Speaker for the Dead (Ender's Saga, #2) - Orson Scott Card
In the year 1830, after the formation of Starways Congress, a robot scout ship sent a report by ansible: The planet it was investigating was well within the parameters for human life. The nearest planet with any kind of population pressure was Baía; Starways Congress granted them the exploration license.
So it was that the first humans to see the new world were Portuguese by language, Brazilian by culture, and Catholic by creed. In the year 1886 they disembarked from their shuttle, crossed themselves, and named the planet Lusitania-- the ancient name of Portugal. They set about cataloguing the flora and fauna. Five days later they realized that the little forest-dwelling animals that they had called porquinhos-- piggies-- were not animals at all.
For the first time since the Xenocide of the Buggers by the Monstrous Ender, humans had found intelligent alien life.
The piggies were technologically primitive, but they used tools and built houses and spoke a language. "It is another chance God has given us," declared Archcardinal Pio of Baía. "We can be redeemed for the destruction of the buggers."
The members of Starways Congress worshipped many gods, or none, but they agreed with the Archcardinal. Lusitania would be settled from Baía, and therefore under Catholic License, as tradition demanded. But the colony could never spread beyond a limited area or exceed a limited population. And it was bound, above all, by one law: the piggies were not to be disturbed.
Since we are not yet fully comfortable with the idea that people from the next village are as human as ourselves, it is presumptuous in the extreme to suppose we could ever look at sociable, tool-making creatures who arose from other evolutionary paths and see not beasts but brothers, not rivals but fellow pilgrims journeying to the shrine of intelligence.
Yet that is what I see, or yearn to see. The difference between raman and varelse is not in the creature judged, but in the creature judging. When we declare an alien species to be raman, it does not mean that they have passed a threshold of moral maturity. It means that we have.
--Demosthenes, Letter to the Framlings
Rooter was at once the most difficult and the most helpful of the pequeninos. He was always there whenever Pipo visited their clearing, and did his best to answer the questions Pipo was forbidden by law to come right out and ask. Pipo depended on him-- too much, probably-- yet though Rooter clowned and played like the irresponsible youngling that he was, he also watched, probed, tested. Pipo always had to beware of the traps that Rooter set for him.
A moment ago Rooter had been shimmying up trees, gripping the bark with only the horny pads on his ankles and inside his thighs. In his hands he carried two sticks-- Father Sticks, they were called-- which he beat against the tree in a compelling, arhythmic pattern all the while he climbed.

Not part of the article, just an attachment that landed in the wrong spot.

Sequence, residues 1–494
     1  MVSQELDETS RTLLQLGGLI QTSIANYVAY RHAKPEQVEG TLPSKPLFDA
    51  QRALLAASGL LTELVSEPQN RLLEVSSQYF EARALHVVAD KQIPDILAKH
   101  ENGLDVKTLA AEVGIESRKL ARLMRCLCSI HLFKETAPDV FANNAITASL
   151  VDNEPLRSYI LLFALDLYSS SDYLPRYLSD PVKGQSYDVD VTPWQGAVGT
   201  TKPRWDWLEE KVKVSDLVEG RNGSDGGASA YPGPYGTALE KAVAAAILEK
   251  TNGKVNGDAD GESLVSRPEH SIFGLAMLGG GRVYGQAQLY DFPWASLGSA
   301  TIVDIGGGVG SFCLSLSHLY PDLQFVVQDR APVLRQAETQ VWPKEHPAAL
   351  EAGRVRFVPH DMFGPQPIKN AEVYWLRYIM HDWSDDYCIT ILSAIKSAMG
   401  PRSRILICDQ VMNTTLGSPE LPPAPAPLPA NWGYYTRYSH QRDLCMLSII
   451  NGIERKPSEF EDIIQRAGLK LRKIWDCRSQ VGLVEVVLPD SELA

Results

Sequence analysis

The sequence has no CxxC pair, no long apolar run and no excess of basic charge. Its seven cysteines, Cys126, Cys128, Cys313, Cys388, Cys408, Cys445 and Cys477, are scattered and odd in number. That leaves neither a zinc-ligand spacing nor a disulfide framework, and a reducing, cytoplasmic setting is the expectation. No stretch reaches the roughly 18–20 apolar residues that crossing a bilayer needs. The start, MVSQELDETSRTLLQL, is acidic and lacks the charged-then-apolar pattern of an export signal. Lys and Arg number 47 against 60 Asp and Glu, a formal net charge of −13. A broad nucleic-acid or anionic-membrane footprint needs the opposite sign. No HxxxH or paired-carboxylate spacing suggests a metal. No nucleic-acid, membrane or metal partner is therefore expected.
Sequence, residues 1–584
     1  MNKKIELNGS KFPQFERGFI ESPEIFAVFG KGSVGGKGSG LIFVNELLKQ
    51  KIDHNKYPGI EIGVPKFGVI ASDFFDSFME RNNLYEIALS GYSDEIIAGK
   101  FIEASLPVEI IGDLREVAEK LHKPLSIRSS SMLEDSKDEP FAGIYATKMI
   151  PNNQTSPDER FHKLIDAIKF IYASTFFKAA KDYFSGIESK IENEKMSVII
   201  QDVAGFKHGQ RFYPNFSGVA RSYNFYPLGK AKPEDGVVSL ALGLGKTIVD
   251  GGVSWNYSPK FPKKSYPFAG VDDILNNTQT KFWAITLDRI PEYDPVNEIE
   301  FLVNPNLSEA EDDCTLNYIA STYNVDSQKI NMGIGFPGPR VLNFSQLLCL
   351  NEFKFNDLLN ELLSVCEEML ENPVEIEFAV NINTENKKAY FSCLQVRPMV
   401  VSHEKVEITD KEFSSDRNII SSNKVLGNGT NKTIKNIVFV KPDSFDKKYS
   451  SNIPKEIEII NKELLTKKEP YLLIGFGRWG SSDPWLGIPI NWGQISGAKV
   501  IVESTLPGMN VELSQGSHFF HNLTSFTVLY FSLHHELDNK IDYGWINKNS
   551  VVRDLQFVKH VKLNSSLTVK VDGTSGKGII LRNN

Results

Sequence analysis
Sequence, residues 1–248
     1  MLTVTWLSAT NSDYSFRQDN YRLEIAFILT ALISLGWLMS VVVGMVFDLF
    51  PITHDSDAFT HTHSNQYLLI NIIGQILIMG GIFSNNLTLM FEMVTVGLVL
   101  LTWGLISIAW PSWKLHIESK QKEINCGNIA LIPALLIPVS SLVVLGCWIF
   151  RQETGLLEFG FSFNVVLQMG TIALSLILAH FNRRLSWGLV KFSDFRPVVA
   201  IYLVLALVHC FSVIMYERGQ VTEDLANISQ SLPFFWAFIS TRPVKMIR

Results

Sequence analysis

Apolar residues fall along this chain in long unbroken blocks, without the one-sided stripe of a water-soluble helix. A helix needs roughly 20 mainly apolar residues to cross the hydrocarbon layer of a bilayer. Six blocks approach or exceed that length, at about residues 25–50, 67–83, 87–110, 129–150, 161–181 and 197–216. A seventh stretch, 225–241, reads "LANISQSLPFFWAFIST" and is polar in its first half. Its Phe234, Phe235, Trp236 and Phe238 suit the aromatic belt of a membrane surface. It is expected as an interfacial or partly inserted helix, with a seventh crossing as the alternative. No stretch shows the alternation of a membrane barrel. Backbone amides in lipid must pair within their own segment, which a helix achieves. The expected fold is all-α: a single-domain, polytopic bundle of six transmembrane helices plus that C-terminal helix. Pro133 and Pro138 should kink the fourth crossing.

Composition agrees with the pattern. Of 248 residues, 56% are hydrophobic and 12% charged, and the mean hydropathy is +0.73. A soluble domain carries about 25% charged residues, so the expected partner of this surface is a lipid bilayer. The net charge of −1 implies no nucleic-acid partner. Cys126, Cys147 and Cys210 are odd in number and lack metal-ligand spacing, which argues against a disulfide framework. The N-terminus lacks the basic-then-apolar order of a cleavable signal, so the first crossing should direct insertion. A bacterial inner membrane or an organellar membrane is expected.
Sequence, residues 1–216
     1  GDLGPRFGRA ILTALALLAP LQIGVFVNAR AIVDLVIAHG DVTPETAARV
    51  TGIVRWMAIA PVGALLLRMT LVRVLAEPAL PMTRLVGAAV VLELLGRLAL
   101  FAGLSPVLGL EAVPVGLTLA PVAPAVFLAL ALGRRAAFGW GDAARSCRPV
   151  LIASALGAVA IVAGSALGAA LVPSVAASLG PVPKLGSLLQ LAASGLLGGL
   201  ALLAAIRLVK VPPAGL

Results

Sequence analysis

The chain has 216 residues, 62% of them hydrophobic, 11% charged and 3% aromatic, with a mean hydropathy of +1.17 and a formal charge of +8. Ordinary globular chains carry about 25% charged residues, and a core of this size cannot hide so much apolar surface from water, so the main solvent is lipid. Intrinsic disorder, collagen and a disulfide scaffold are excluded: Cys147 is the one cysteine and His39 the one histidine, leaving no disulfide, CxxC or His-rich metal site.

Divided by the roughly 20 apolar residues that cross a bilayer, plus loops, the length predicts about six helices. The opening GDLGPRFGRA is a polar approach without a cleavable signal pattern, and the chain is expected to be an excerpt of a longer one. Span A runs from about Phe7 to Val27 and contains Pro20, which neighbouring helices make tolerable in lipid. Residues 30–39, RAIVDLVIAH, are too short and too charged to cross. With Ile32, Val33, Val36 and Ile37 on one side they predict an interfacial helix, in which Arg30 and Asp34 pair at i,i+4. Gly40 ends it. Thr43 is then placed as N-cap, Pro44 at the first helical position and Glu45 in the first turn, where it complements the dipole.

The noise brought Mandachuva out of the log house. He called to Rooter in the Males' Language, and then in Portuguese. "P'ra baixo, bicho!" Several piggies nearby, hearing his Portuguese wordplay, expressed their appreciation by rubbing their thighs together sharply. It made a hissing noise, and Mandachuva took a little hop in the air in delight at their applause.
Rooter, in the meantime, bent over backward until it seemed certain he would fall. Then he flipped off with his hands, did a somersault in the air, and landed on his legs, hopping a few times but not stumbling.
"So now you're an acrobat," said Pipo.
Rooter swaggered over to him. It was his way of imitating humans. It was all the more effective as ridicule because his flattened upturned snout looked decidedly porcine. No wonder that offworlders called them "piggies." The first visitors to this world had started calling them that in their first reports back in '86, and by the time Lusitania Colony was founded in 1925, the name was indelible. The xenologers scattered among the Hundred Worlds wrote of them as "Lusitanian Aborigines," though Pipo knew perfectly well that this was merely a matter of professional dignity-- except in scholarly papers, xenologers no doubt called them piggies, too. As for Pipo, he called them pequeninos, and they seemed not to object, for now they called themselves "Little Ones." Still, dignity or not, there was no denying it. At moments like this, Rooter looked like a hog on its hind legs.
"Acrobat," Rooter said, trying out the new word. "What I did? You have a word for people who do